I was pleased to see that for once, my take on a plot development turned out to be correct! That Mahaam might still weasel her way out of this crunch by using a doppelganger (German for lookalike) does not affect this point, that Jalal is no longer  so enmeshed  in  gratitude  for past caring that he will condone present betrayal. He is slowly changing, is Jalal, and the outlines of the future Akbar are dimly visible already.





Bharmal: I never thought I  would ever do this, but I was mentally cheering the portly  Bharmal when he was exposing his lamenting womenfolk, with gentle but compelling logic,   to a series of home truths: about the villainy of Ratan Singh,  that would have ruled him out as a husband for  Sukanya had it been known in advance, about the Shahenshah's compulsions as  a ruler dispensing justice and about the corrective actions he had taken as  soon as he  could, about the tough choice he himself had had to make between Jodha's future and Sukanya's.





It was an admirable  display of balanced judgement and calm wisdom. He did let Jalal down more lightly than the facts of the case really warranted, but then that too was necessary to preserve the peace of  mind of his household.





So, on to Monday and the skeleton, not in the closet, but behind the mirror!




Shyamala B.Cowsik


sashashyam
Glittering Gold
Glittering Gold

Posts: 778
Join date: 2013-08-01

Back to top Go down

Re: Jodha Akbar 69: The skeleton behind the mirror

Post by pollyanna on 2013-09-23, 12:15

Hi Aunty.....like u...I absolutely loved jalal-rahim interaction....kaun kehta hai jalal ke seene mein dil aur sar mein dimaag nahi hai :P bas usko sahi waqt ka intezaar rehta hai...aur dono apna kaam barabar se karte hain.... Wink

@MA: less said the better...Ashwini is such a talented actress.....I will cry when she will leave the show.....but for now...we can just enjoy the culinary flavours she dish out to us....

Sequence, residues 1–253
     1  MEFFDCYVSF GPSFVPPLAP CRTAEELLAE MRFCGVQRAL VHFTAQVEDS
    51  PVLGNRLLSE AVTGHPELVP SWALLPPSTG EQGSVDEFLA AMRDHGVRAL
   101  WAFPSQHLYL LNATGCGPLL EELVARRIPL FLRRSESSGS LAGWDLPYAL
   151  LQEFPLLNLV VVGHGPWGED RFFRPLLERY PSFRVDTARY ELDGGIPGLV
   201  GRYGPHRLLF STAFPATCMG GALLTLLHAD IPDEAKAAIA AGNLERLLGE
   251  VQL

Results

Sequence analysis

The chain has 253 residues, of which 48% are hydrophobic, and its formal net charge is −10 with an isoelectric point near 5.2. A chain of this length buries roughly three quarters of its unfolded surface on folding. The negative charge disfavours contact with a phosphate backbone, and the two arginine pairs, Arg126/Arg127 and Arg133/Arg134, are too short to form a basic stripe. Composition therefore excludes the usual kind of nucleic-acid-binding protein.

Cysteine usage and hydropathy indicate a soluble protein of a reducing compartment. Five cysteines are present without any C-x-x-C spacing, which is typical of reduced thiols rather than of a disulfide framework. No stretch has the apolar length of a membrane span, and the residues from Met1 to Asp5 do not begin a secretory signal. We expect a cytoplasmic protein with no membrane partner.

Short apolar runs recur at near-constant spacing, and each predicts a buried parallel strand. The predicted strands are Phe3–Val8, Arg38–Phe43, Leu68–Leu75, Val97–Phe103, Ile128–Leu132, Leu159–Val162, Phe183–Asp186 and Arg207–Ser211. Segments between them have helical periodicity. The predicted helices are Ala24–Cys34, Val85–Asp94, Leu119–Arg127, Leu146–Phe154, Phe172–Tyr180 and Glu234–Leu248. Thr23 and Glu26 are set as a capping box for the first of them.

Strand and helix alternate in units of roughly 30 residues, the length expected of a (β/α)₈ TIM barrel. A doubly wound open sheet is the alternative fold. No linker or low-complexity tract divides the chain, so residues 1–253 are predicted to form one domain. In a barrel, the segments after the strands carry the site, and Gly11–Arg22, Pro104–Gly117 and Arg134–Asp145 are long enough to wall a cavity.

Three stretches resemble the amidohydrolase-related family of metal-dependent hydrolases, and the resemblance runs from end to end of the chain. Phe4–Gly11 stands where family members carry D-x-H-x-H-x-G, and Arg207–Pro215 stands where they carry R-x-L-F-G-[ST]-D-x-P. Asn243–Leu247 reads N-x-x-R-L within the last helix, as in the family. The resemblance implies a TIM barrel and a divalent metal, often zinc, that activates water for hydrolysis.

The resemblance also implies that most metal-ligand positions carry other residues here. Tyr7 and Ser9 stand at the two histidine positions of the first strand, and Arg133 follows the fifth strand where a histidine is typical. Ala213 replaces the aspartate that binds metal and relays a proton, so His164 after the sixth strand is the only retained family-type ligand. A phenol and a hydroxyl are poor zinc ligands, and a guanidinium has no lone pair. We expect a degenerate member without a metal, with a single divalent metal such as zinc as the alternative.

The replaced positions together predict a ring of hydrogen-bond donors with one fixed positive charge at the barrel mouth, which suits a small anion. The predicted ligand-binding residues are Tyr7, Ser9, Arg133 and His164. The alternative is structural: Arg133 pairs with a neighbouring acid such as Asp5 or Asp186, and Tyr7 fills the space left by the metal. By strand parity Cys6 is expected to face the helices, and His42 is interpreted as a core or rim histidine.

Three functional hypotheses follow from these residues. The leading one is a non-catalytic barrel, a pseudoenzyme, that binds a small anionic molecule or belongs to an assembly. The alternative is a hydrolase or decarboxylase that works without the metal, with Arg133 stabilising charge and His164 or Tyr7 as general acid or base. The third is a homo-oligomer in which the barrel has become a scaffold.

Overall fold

Loved the way u described MA-AK scene :)

pollyanna
Channel Moderator
Channel Moderator

Posts: 5659
Join date: 2013-02-02
Location: Bangalore,India

Back to top Go down

Re: Jodha Akbar 69: The skeleton behind the mirror

Post by sashashyam on 2013-09-23, 12:33

pollyanna wrote:Yes, Pallavi, his real problem is not that he is heartless, but that he has too much of heart at times,whether it is Mahaam or Rahim or that little Hindu boy in the Diwan-e-Aam. He is emotional to excess when his zehen is touched to the quick, as when his Khan Baba is no more and now, facing a huge betrayal.

Shyamala AuntyHi Aunty.....like u...I absolutely loved jalal-rahim interaction....kaun kehta hai jalal ke seene mein dil aur sar mein dimaag nahi hai :P bas usko sahi waqt ka intezaar rehta hai...aur dono apna kaam barabar se karte hain.... Wink

@MA: less said the better...Ashwini is such a talented actress.....I will cry when she will leave the show.....but for now...we can just enjoy the culinary flavours she dish out to us....

Loved the way u described MA-AK scene :)

sashashyam
Glittering Gold
Glittering Gold

Posts: 778
Join date: 2013-08-01

Back to top Go down

Re: Jodha Akbar 69: The skeleton behind the mirror

Post by monsi08 on 2013-09-23, 13:32

loved Bharmal and his 2nd daughters' actions.. but I still dont know why the same cannot be understood by Jodha even though she knew it from many different resources !

monsi08
Glittering Gold
Glittering Gold

Posts: 867
Join date: 2013-02-15
Age: 35
Location: Bangalore

Back to top Go down

Re: Jodha Akbar 69: The skeleton behind the mirror

Post by Abavi on 2013-09-23, 16:31

Loved your take Shyamala ji... You say Jalal will go ahead and punish MA... I ask, if he wanted this secret to go out, why did he ask Salima begum to keep it a secret?


Abavi
Dazzling Diamond

Posts: 3977
Join date: 2013-02-06
Location: India

Back to top Go down

Re: Jodha Akbar 69: The skeleton behind the mirror

Post by sashashyam on 2013-09-23, 17:15

I think that was his initial reaction, but he changes his mind.Shyamala B.CowsikAbavi wrote:Loved your take Shyamala ji... You say Jalal will go ahead and punish MA... I ask, if he wanted this secret to go out, why did he ask Salima begum to keep it a secret?


sashashyam
Glittering Gold
Glittering Gold

Posts: 778
Join date: 2013-08-01

Back to top Go down

Re: Jodha Akbar 69: The skeleton behind the mirror

Post by --sumana13-- on 2013-09-24, 05:40

Absolutely awesome post Shyamala .. Loved the way you have analysed each character here .. And you so correctly predicted about the hum shakal being made the scapegoat ...

--sumana13--
Master Writer
Master Writer

Posts: 25520
Join date: 2013-02-04

Back to top Go down

Re: Jodha Akbar 69: The skeleton behind the mirror

Post by sashashyam on 2013-09-24, 08:46

Thank you,my dear. and I adore your green roses!!Shyamala--sumana13-- wrote:Absolutely awesome post Shyamala .. Loved the way you have analysed each character here .. And you so correctly predicted about the hum shakal being made the scapegoat ...

sashashyam
Glittering Gold
Glittering Gold

Posts: 778
Join date: 2013-08-01

Back to top Go down

View previous topic View next topic Back to top


Post new topic   Reply to topic
Permissions in this forum:
You can reply to topics in this forum